In addition to going to an in-state school or getting your degree early, another way to save money on college may be to study abroad for a semester or year, depending on the program. The key is to head to a country where higher education is cheap or free, even for noncitizens.
Norway, for instance, doesn't charge anyone tuition. Many other European countries assess visiting international students only nominal fees, typically under $1,000 per semester, at their public universities.
You can also save more than $25,000 a year in some cases if you enroll directly rather than using a study abroad company. But there are a few caveats: You usually need to know the language of the country where you'll be studying, and you need to ensure that your home institution will grant credit for courses you complete abroad.
Studying in Germany was free for everyone, regardless of nationality, until a few years ago, but it remains a bargain in 2012 at about 500 euros (roughly $600 USD) per semester. And even if you don't directly enroll in a German university, some U.S. colleges have exchange programs to Germany that offer significant savings over staying at home.
Amherst College students, for example, can spend a year at Göttingen University and pay only $21,085, half the usual two-semester tuition they would have paid had they not gone abroad.
If you want to see a lot of the world without having to know a foreign language, Eastern Michigan University offers a summer option open to EMU and non-EMU students alike that involves travel to 10 countries, from England and France to Greece and Turkey, over 70 days.
The program grants students up to 12 credits for completing four classes (two in history, two in art history) along the way. All participants pay in-state tuition, about $3,600 for nearly a semester's worth of credit, plus roughly $12,000 to $13,000 for transportation and housing.
[Learn other ways to cut college costs.]
For those wishing to study abroad in an English-speaking country, New Zealand and South Africa may be the best bets. A semester of classes at the University of Auckland, New Zealand's highest-ranked university, costs $11,900 NZD ($9,600 USD) for foreigners.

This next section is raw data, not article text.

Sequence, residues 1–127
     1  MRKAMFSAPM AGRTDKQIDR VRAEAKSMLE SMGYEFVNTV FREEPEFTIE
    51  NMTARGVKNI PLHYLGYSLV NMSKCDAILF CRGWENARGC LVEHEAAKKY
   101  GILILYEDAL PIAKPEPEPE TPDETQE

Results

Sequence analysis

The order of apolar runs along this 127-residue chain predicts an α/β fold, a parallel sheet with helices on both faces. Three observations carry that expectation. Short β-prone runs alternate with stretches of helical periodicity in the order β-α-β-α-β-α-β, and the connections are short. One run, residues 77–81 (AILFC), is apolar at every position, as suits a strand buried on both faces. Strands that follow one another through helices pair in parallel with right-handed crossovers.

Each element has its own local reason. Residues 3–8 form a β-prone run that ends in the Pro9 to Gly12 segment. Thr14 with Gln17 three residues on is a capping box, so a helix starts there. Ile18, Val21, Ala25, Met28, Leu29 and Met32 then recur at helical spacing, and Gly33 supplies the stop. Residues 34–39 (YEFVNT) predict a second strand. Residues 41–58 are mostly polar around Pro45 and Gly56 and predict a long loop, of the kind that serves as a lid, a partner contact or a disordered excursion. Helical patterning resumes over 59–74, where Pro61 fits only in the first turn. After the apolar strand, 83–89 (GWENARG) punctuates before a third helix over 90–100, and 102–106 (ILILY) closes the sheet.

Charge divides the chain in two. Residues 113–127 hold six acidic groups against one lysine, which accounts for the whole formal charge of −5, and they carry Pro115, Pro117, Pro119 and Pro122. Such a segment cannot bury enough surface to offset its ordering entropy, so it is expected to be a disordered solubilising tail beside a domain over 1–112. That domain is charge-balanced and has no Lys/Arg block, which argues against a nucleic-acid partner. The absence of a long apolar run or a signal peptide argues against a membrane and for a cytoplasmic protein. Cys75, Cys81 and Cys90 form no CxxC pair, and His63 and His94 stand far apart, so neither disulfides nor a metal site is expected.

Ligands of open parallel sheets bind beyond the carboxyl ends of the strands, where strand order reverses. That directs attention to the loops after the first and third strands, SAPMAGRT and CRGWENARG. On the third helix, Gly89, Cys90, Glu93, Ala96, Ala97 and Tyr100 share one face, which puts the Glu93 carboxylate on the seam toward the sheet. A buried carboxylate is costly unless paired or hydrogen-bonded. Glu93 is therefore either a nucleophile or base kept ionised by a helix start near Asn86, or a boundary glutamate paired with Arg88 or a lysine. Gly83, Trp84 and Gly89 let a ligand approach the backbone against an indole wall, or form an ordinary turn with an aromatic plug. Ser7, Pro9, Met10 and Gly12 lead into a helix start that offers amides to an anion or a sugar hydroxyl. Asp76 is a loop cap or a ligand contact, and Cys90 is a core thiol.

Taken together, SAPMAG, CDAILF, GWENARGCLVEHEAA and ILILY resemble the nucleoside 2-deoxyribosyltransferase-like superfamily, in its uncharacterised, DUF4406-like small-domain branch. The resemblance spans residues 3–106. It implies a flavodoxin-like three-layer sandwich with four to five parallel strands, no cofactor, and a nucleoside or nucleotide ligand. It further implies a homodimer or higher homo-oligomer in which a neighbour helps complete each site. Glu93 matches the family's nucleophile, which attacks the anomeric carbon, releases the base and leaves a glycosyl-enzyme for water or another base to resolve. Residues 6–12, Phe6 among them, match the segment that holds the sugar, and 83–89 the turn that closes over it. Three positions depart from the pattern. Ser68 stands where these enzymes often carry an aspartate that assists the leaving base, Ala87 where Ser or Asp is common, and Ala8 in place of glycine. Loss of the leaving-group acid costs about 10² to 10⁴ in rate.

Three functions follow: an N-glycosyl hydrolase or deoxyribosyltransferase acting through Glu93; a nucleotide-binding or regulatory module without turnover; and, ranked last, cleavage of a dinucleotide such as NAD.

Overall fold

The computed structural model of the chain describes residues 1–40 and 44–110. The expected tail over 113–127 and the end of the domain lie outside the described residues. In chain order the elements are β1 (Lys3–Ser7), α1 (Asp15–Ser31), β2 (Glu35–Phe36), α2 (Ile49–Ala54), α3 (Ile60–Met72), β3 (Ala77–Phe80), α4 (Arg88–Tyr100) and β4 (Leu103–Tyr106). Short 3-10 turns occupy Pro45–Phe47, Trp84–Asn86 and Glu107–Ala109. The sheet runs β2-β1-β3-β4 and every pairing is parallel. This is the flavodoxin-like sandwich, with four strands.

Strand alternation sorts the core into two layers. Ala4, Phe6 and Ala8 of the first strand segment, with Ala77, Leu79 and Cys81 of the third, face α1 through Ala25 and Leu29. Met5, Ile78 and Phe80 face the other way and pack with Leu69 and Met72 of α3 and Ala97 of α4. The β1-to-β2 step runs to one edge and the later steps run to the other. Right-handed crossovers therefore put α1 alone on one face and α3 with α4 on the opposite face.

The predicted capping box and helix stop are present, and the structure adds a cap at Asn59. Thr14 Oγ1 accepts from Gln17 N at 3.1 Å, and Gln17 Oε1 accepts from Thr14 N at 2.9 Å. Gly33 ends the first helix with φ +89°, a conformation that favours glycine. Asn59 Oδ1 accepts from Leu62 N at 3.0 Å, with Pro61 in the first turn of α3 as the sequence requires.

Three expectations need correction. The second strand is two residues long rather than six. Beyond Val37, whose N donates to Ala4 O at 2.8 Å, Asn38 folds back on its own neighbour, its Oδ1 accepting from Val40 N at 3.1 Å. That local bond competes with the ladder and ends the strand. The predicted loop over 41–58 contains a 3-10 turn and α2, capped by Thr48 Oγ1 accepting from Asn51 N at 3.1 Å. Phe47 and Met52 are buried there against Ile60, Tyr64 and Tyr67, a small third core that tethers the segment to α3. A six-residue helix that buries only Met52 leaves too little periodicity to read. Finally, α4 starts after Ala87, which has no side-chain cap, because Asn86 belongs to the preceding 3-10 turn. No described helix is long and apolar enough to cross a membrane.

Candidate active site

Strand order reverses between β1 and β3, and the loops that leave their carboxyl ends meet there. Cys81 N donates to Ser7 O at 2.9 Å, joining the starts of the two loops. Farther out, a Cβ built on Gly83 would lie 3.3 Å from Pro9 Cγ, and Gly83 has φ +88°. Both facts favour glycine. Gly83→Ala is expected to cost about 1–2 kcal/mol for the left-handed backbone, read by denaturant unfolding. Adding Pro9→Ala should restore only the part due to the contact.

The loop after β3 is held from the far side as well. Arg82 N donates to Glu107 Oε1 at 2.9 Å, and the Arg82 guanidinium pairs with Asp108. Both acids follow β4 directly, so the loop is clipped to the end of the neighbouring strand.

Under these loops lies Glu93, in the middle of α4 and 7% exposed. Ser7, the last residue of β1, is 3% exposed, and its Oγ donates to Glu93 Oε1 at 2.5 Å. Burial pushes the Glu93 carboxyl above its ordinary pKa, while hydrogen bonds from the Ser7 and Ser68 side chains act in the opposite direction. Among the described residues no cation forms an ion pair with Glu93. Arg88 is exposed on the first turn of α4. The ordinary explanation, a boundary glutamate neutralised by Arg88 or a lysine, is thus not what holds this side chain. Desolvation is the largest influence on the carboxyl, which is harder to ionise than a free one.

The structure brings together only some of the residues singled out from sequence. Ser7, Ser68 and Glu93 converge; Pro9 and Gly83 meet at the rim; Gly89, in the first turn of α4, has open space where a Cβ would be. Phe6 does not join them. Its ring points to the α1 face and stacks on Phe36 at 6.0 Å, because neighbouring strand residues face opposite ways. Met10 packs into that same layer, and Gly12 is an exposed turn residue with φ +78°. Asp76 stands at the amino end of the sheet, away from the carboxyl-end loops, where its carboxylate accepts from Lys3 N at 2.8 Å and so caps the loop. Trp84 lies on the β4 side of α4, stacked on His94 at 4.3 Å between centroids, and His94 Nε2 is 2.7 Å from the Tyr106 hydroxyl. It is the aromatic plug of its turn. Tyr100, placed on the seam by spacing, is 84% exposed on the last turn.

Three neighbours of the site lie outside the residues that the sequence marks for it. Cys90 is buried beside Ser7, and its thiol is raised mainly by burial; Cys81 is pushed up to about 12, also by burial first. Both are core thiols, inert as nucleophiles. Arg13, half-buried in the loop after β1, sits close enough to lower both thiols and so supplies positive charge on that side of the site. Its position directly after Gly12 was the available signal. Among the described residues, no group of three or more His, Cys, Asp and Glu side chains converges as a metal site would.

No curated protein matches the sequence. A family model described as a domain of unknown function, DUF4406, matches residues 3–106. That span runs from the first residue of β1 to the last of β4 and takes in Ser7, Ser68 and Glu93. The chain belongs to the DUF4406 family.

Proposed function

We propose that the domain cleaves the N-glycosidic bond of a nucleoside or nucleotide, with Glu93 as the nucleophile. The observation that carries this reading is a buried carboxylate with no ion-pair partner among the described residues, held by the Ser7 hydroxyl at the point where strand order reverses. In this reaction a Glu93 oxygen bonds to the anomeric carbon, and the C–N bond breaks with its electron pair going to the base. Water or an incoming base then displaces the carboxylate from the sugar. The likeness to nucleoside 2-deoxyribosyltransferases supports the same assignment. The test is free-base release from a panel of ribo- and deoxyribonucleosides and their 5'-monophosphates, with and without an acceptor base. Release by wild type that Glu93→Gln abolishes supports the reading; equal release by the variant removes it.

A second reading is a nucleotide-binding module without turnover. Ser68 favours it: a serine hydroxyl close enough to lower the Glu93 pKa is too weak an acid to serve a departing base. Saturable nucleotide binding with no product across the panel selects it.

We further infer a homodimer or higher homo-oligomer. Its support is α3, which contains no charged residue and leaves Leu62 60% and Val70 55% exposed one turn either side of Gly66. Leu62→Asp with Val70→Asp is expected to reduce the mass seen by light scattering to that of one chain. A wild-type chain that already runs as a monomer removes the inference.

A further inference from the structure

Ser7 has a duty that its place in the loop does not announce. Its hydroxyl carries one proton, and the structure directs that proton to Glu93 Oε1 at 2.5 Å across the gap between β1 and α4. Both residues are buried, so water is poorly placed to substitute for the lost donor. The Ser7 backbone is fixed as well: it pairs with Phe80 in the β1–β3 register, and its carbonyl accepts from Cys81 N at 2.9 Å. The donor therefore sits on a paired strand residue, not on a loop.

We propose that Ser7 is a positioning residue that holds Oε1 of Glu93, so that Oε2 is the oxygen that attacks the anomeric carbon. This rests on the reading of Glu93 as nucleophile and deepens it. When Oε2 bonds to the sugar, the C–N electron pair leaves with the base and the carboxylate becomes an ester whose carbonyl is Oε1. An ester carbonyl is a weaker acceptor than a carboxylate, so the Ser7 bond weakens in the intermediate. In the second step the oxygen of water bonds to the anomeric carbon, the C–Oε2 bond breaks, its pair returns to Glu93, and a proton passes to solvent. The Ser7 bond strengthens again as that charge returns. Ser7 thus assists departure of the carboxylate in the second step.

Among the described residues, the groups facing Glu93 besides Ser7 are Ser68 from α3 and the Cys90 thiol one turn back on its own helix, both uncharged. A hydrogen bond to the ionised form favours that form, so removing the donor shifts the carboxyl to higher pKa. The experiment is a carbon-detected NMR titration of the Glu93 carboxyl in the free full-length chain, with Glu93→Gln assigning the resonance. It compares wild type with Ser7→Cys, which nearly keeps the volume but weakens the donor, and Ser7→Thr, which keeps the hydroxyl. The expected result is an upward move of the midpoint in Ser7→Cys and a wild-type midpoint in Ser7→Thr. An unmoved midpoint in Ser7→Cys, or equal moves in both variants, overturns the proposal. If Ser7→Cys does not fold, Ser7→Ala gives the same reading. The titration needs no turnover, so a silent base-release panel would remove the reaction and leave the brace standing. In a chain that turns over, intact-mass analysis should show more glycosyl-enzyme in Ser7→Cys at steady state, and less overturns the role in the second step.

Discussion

At the University of Cape Town, in South Africa, international students pay a surcharge of $5,100 per semester on top of the standard tuition, but tuition itself is only about $2,000 to $3,000 per semester, depending on the course of study.
There are also numerous scholarships available to U.S. students who want to spend a semester or year abroad, typically in regions of strategic interest to the federal government like Asia, Africa, Latin America, and the Middle East. Boren Scholarships give students $10,000 for a semester, or $20,000 for an academic year, to study in countries critical to U.S. national security.
[Find other scholarships for study abroad.]
The Benjamin A. Gilman International Scholarship, available to undergraduates receiving federal Pell grants, provides up to $8,000 for students to study "critical need" languages, such as Arabic, Chinese, Russian, and Swahili, while abroad.
Justin Snider is an advising dean at Columbia University, where he also teaches undergraduate writing. This article was produced by The Hechinger Report, a nonprofit, nonpartisan education news outlet affiliated with the Hechinger Institute on Education and the Media, based at Columbia's Teachers College.